Complex relations in the international communist movement between centre and periphery and issues like conformity and differentiation, inputs from 'above' or 'below', or proletarian internationalism versus local traditions, have, since the opening of former Soviet archives in 1991, been explored through a school of comparative communist research. This research has focused on individual characteristics regarding local communist parties within the system of the Comintern, but at the same time recognising an overall conformity and dogmatism which dominated the international Communist movement, especially in the 1930s. The following article is inspired by the approach and theoretical orientation of this school as presented in the existing literature. (3)

Political culture

In this article 'political culture' is understood as the attitudes, beliefs, and values which underpin the operation of a particular political system. (4) The social historians Brigitte Studer and Berthold Unfried have previously stated that the international communist movement constituted a meeting place between a western European and a Soviet political culture. During the 1920s and the 1930s western cultural elements deteriorated while elements of Soviet political culture became increasingly dominant. The Comintern developed a political culture, which emulated certain norms of behaviour and relations that originated from Bolshevik traditions as well as the present practice of the Soviet communist party. (5) To strengthen and maintain the unity of the Comintern, the founding of a common conceptual basis or a common framework of interpretation and analysis was crucial. When mediating the political culture from the centre to the periphery, the conceptual framework was communicated to the 'masses'--party members and sympathisers -through the party press and other publications, or communicated orally at rallies and mass meetings, by mediators with special ideological skills who were often educated in the Soviet Union.

In order to mediate a political culture with Soviet origins within local communist parties, the Comintern's ideological education of foreign cadres in the Soviet Union became important field of activity. (6) At the Comintern schools students had to accept the leading role and authority of the Soviet party. As Studer and Unfried have observed, students not only had to learn an accepted attitude towards the party; they had to integrate such attitudes into their own cognitive dispositions. It was necessary to eradicate past experience of political culture, which was gained in local communist work, and to replace it with a new, Bolshevik attitude. (7) In 1926 the CPN joined the Comintern's cadre education project and, by spring 1937, about ninety Norwegian students had visited two institutions in Moscow educating foreign cadres: the Communist University of Western Nationalities and the International Lenin School. (8)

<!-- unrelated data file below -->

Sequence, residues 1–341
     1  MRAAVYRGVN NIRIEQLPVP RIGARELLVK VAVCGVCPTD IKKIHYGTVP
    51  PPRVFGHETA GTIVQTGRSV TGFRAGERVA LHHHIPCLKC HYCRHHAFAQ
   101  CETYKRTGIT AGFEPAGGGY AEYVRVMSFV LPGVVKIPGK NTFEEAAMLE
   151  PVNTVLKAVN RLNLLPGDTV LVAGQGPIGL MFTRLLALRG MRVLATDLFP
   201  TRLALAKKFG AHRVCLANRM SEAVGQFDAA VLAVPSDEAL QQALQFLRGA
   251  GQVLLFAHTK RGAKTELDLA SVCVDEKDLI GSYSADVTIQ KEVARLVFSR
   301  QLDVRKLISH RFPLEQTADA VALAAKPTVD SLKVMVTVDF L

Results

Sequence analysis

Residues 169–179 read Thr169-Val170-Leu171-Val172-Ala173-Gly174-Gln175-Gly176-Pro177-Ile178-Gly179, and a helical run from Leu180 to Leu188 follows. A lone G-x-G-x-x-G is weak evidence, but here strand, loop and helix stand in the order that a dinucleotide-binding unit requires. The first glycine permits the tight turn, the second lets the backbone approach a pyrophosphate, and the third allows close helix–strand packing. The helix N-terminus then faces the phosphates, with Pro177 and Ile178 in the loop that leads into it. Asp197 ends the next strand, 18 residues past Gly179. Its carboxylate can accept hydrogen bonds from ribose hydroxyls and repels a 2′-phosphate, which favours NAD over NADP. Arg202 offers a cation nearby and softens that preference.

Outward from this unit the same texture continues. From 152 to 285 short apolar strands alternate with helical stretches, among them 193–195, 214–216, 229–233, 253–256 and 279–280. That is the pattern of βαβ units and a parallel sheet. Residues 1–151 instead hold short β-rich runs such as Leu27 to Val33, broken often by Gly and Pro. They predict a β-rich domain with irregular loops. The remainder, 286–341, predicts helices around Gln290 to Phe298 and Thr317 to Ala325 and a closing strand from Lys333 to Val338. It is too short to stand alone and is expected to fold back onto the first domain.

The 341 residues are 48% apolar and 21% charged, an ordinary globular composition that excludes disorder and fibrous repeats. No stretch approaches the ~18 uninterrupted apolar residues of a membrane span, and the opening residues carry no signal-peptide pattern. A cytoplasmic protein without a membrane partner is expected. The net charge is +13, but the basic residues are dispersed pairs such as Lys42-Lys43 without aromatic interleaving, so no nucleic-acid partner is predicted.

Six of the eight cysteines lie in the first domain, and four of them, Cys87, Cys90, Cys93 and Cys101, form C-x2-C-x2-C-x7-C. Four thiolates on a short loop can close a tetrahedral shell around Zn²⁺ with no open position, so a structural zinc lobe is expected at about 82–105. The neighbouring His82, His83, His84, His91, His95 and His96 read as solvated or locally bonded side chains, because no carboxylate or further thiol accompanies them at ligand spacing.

Participation in the educational programme of the Comintern was a voluntary project, limited in time and where a majority of the participants joined in with the greatest enthusiasm. The cadre education can be characterised as a project of collective mobilisation based upon a common understanding and internalisation of Soviet political culture. The actions and discourse of Soviet political culture, expressed through the educational structure of the cadre schools, as well as Soviet society as a whole, were interpreted by the students in accordance with their already positive dispositions. During their years at the Moscow schools, students learned to understand the political and ideological rhetoric of the centre. The outcome became a generation of Moscow-educated party cadres sharing common values and beliefs. Their personal bonds with Comintern and Soviet party officials, their internalisation of Soviet political culture and a feeling of solidarity with the Soviet Union were all developed and became consolidated during the period of their education. Their cognitive pattern had been shaped and, throughout their political carriers, this came to serve as political guideline.